This method to compute modular exponentiation is a slightly different implementation of a mathematical technique called exponentiation by squaring. The algorithm requires to represent exponent $e$ in base-2: $$e = \sum_{i=0}^{n-1} a_i 2^i$$ Therefore we can write the exponentiation as: $$b^e = b^{\left( \sum_{i=0}^{n-1} a_i 2^i \right)} = \prod_{i=0}^{n-1}b^{a_i 2^i}$$ Thus, the solution $c$ is equal to $$c \equiv \prod_{i=0}^{n-1} b^{a_1 2^i} \pmod n$$ Here a basic implementation in Python:

def mod_pow(b, e, m):
if m == 1:
return 0
else:
r = 1
b = (b % m)
while e > 0:
if (e % 2) == 1:
r = (r*b) % m
e = e >> 1
b = (b^2) % m
return r


The algorithm has a running time of $\mathcal{O}(\log e)$ , meaning that if the exponent was $2^{50}$, then $2^{50} \in \mathcal{O}(\log 50)$.

Finally, let’s see a worked example:

1. Alice and Bob agree to use $p = 17$ and $g = 3$(the first one is a prime number, while the second one is a primitive root modulo 17);
2. Alice chooses $a=5$ as a private number and sends Bob the result of $A = 3^5 \pmod{17} = 5$;
3. Bob chooses $b = 4$ as a private number and sends Alice the result of $B = 3^4 \pmod{17} = 13$;
4. Alice retrieve the shared password with $s = 13^5 \pmod{17} = \boxed{13}$;
5. Bob retrieve the shared password with $s = 5^4 \pmod{17} = \boxed{13}$.

The main advantage of this protocol is that both parties involved in the data exchange do not have to know each other before establishing a connection. The biggest disadvantage of DH is that it does not authenticate any party involved in the communication, this could result in a Man-In-The-Middle attack(MITM) since without any data validation, packets can be easily hijacked and spoofed.

## Applications⌗

DHKE is still used today for a wide range of applications. For instance, you can find an implementation of DH on SSH and on the TLS protocol; however when using this protocol without elliptic curves(more on that later), we need to set parameter $p$ at 2048 bits(at least).

# RSA Cryptosystem⌗

The RSA(Rivest Shamir Adleman) cryptosystem is a public-key algorithm that is used for secure data transmission. The idea behind RSA is the same of Diffie-Hellman key exchange but, unlike this last one, RSA allows us to encrypt/decrypt data asymmetrically(while DH use asymmetrical cryptography just for key exchange) using a pair of cryptography keys.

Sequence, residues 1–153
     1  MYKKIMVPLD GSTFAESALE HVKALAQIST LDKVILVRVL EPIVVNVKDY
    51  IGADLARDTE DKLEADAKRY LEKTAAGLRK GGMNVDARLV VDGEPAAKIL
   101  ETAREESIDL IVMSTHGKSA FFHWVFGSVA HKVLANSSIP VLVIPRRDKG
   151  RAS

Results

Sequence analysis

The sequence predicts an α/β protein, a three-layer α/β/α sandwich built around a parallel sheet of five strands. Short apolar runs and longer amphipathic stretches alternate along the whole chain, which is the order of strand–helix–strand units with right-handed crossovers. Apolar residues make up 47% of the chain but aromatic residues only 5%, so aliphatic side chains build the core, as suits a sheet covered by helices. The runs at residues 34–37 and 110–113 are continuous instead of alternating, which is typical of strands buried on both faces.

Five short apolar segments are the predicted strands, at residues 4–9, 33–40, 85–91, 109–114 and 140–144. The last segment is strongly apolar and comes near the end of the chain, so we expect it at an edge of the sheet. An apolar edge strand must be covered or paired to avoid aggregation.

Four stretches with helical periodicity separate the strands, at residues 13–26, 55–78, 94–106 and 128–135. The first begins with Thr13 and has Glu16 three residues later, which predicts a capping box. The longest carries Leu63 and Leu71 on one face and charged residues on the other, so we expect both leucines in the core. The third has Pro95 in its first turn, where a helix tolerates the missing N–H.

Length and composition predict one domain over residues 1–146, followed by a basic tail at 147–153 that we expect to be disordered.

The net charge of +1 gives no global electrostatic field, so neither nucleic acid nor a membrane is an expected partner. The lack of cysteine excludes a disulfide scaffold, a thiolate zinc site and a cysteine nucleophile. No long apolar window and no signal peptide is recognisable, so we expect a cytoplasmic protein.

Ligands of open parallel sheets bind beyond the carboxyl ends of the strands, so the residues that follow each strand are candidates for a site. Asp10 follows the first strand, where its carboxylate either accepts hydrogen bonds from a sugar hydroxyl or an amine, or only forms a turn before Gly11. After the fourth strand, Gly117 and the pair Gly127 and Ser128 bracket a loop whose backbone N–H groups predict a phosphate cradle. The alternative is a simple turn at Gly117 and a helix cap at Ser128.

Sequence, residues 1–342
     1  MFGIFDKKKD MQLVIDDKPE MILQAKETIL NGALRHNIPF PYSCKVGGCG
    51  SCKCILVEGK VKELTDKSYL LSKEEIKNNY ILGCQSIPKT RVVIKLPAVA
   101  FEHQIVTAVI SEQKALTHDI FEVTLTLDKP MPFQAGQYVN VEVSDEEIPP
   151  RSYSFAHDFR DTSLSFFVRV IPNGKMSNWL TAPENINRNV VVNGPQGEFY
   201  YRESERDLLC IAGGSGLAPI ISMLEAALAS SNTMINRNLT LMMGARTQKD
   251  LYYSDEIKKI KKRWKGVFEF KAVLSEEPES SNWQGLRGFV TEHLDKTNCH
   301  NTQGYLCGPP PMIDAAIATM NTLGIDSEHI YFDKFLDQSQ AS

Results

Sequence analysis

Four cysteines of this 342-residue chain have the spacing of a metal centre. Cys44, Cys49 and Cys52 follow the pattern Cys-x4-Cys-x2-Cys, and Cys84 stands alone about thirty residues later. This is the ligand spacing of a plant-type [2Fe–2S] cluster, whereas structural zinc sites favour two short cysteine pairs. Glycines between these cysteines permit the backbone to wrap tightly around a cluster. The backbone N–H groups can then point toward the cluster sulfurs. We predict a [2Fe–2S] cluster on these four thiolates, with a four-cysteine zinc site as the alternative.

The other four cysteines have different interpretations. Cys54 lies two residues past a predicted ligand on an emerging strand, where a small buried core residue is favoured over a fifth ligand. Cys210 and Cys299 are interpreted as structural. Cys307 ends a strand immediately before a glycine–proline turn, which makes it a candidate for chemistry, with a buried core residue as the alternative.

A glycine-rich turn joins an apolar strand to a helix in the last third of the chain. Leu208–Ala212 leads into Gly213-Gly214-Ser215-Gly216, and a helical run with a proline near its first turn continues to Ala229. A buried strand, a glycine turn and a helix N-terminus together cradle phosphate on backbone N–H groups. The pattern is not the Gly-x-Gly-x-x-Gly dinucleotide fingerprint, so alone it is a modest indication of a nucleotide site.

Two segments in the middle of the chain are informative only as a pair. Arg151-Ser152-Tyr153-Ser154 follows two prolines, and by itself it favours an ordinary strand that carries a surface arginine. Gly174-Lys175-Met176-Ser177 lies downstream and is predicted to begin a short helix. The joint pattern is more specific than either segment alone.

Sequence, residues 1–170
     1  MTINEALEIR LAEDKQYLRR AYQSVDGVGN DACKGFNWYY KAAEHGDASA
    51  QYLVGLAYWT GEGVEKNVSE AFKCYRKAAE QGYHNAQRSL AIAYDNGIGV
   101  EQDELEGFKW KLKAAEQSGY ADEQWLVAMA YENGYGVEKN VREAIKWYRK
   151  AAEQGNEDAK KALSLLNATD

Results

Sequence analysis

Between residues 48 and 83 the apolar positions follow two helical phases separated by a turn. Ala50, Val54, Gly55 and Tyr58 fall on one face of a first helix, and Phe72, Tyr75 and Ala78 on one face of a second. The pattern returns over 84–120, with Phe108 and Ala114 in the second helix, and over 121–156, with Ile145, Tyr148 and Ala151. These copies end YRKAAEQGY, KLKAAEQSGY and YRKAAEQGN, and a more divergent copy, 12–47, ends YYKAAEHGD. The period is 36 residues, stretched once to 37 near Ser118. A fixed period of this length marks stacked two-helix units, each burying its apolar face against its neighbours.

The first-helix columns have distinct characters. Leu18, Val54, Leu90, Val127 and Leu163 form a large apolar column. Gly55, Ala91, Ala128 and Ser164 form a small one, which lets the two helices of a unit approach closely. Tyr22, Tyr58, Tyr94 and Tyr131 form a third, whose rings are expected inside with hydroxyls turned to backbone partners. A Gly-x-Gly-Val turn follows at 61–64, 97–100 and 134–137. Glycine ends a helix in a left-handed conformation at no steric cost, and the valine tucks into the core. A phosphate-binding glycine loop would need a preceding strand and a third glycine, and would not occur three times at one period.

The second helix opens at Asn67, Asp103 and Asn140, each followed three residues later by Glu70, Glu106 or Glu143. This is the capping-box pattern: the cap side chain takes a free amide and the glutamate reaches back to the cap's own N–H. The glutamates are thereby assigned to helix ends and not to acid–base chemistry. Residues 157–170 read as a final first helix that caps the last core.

The safety of this algorithm relies on the difficulty of factoring a product of two large prime numbers(an NP problem). Since this task would require a ridiculous amount of time, it is literally impossible to break RSA when large prime factors are being involved.

## The Algorithm⌗

Before actually encrypting the data we want to transmit, we need to generate a pair of cryptographic keys and distribute the public one. Let us get started by analyzing the key generation process:

1. Choose two random prime numbers $p$ and $q$. These two numbers must remain private;
2. Compute $n = p \cdot q$, it will be used as the modulus for other computation. Also, do note that their product $n = p \cdot q$ should be equal to the required bit length(for instance, 1024);
3. Use Euler’s totient function to compute $\phi = (p-1)(q-1)$;
4. Choose an integer $1 < e < \phi$ such that $\gcd(e, \phi) = 1$(i.e., they are coprime);
5. Compute the exponent $d$, $1 < d < \phi$, such that $ed \equiv 1 \pmod{\phi(n)}$

At the end we have:

• The public key $(n,e)$;
• The private key $(n,d)$;
• $p$, $q$ and $\phi$ must also remain secret, since they could be used to determine $d$. In fact, you can discard all of them after $d$ has been successfully generated.

After generating the key pair, we can make the public part(i.e., $(n,e)$ ) public. In that way, other parties can use it to send us encrypted messages.

We are now ready to send encrypted data! Before anything else, the sender must convert its plaintext into an integer $m$(such that $1 < m < n$) using a pre-agreed padding scheme. Then, we can use receiver’s public key $(n,d)$ to compute the ciphered text: $$c = m^e \pmod n$$ The number $c$ can now safely send to the receiver. After receiving the ciphered text $c$, the recipient extract the original padded plaintext $m$ using its private key $(n,e)$: $$m = c^d \pmod n$$ Finally, the recipient reverse the padding scheme to recover the plaintext message.

## Mathematical proof using Fermat’s Little Theorem⌗

To prove the correctness of the RSA algorithm we need to make a step back understand the math behind it. In fact, RSA algorithm can be proven using Fermat’s Little Theorem.

### Fermat’s Little Theorem⌗

To avoid confusion about this theorem(since there are two other theorems with the same name), let’s quickly recall its statement: